A year ago, the idea of creating the first Community School in Yuma was just a faint dream to build an early connection with families whose children aren’t even in kindergarten yet. Now, as the school year begins, the First Things First Yuma Regional Council is looking forward to the culmination of months of hard work with the opening of a Community School pilot at O.C. Johnson School. The Community School model integrates academics, health and social services, youth and community development and community engagement with the goal of improved student learning, stronger families and healthier communities.
The model stresses the importance of quality early childhood education as a critical component that helps break the poverty cycle for families. “Early childhood is the starting place,” said FTF Regional Director Rudy Ortiz. “By locating everything on an elementary school campus, it intertwines it as one. You then have health, social services and early education as part of the fabric for this community.” When the Yuma regional council members first heard the idea, they liked it and the next step was gaining buy-in from school leaders.
Once that was in place, Ortiz began securing support from community leadership, starting with Sunset Community Health Center to discuss the idea of setting up a clinic on campus. By November 2016, the FTF Yuma council felt comfortable supporting the Community School effort as one of its unfunded strategies. The FTF state Board approved the strategy in January. Things moved quickly from there.
O.C. Johnson School was chosen for the pilot. Located in northern Yuma, with nearly 500 students, it is a true neighborhood school with 90 percent of students walking to school. There is high poverty in the area with demographic research showing many rental homes within the school’s boundaries. There are also many non-traditional families, with many students living in foster homes or with grandparents.
O.C. Johnson Principal Angela Logan said she sees many aunts and uncles raising kids. “I know a lot of our families do the best they can,” she said. “We have a good relationship with our students. They’re open with what they’re dealing with at home.” A committee of teachers was formed that asked questions such as, what do we need as a school to make our families successful? What other programs are there that can help families gain knowledge to be able to support the students?
The preschool, a health clinic and food bank were easy answers, but community members shared a great need for employment resources. “Sometimes our kiddos come to school worried about outside things, like a parent not having a job,” Logan said. “With the Community School we’re hoping that this will hit all of their needs and meet the basic necessities of our kiddos so they can focus on the fun part of school instead of the stressful part.”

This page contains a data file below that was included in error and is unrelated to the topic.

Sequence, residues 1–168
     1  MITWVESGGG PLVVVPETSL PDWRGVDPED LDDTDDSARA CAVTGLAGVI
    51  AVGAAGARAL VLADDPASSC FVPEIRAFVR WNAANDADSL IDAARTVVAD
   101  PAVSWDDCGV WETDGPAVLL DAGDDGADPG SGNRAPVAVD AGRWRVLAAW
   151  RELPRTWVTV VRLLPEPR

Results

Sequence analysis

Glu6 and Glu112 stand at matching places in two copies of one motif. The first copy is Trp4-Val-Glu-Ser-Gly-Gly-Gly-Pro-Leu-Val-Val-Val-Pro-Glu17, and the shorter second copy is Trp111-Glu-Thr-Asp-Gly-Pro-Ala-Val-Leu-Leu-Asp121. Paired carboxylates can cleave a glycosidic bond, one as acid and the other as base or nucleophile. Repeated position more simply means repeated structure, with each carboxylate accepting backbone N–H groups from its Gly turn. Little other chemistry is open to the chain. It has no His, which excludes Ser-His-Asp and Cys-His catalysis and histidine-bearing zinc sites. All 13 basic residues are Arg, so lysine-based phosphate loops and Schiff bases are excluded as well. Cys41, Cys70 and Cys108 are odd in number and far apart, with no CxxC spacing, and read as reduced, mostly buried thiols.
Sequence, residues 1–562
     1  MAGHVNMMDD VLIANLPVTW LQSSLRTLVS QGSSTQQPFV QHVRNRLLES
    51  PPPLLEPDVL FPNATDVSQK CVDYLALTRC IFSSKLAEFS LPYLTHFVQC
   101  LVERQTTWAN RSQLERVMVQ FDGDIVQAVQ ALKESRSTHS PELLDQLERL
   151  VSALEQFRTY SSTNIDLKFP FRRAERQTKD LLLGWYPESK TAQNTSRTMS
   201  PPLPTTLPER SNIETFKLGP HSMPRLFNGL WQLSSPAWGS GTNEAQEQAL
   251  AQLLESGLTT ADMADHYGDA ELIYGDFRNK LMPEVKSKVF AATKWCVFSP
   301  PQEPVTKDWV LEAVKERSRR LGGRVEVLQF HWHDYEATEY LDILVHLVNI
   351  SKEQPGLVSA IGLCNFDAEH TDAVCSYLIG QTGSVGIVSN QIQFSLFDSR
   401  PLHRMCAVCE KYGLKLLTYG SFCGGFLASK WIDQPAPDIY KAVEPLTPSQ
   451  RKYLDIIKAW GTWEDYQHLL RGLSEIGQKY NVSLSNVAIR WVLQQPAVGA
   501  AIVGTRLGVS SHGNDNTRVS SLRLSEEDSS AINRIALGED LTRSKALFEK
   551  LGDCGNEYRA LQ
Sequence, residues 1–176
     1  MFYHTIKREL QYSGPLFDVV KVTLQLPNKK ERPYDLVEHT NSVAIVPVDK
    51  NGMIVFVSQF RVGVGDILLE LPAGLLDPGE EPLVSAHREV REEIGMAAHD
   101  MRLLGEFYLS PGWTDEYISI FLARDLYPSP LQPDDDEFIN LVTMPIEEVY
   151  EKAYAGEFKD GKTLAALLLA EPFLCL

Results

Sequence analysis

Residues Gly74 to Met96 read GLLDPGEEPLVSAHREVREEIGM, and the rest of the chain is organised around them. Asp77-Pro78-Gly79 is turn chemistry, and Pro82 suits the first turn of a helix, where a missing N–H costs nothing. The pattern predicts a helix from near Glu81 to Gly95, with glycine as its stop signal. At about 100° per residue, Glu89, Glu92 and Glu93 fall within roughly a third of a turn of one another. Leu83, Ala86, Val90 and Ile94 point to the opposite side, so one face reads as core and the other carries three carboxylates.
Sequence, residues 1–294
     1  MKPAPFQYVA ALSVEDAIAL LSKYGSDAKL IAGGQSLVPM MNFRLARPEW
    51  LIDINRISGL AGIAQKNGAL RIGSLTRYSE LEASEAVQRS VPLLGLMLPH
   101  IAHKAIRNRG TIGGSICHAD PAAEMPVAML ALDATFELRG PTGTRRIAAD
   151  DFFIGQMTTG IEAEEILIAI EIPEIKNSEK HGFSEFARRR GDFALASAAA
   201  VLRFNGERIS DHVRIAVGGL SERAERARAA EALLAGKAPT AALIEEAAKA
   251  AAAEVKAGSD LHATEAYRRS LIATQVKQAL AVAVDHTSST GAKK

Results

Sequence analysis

Ortiz compared himself to playing Match.com with the agencies. Looking for the best fit for both the community organizations and the school community’s needs. Regional Council Member Mary Beth Turner, who is the preschool coordinator for the school district, helped secure an Early Childhood Education-Preschool Development Grant through the Arizona Department of Education to start a preschool on campus.
A Strong Foundation
“There was a need for early childhood education programs on campus,” Ortiz said. “To start a strong foundation, we have to have families engaged from the beginning.” This type of engagement includes not just the preschool, but family support and early literacy programs, Ortiz said. Arizona PBS will offer early literacy support. Then Sunset Community Health Center approved opening a five-day a week clinic on campus available to the entire community.
“This is a place that then becomes familiar, before a child even reaches preschool,” Ortiz said. “Everyone will feel comfortable.” The plan was falling into place, which Ortiz credits to partners who were ready to go. Goodwill Yuma, a branch of Goodwill of Central Arizona, agreed to set up a resource center on campus to help families with job searches and resumes.
“Goodwill has been a strong champion,” Ortiz said. “They totally get it. It wasn’t in my original vision, but it is an example of a nontraditional form of collaboration. This came out of the community telling us what was needed and Goodwill stepped up.”
Another example of a nontraditional partner was the Girl Scouts of Southern Arizona, which agreed to host a troop on campus. The Community School pilot will run through the 2017-2018 school year, then the committee will regroup and see what is working and what isn’t. Logan is excited about the changes her school is about to experience.
“We know that we have our kids for seven hours a day. Then they’re away for 17,” she said. “There are opportunities for growth outside of school. As the whole family grows, it will in turn help our students succeed. Since we’re a walking school, all of our students are close. The families don’t have to worry about finding transportation. Everybody is right here.”
Ofelia Gonzalez is public information officer for First Things First. You can reach her at email@example.com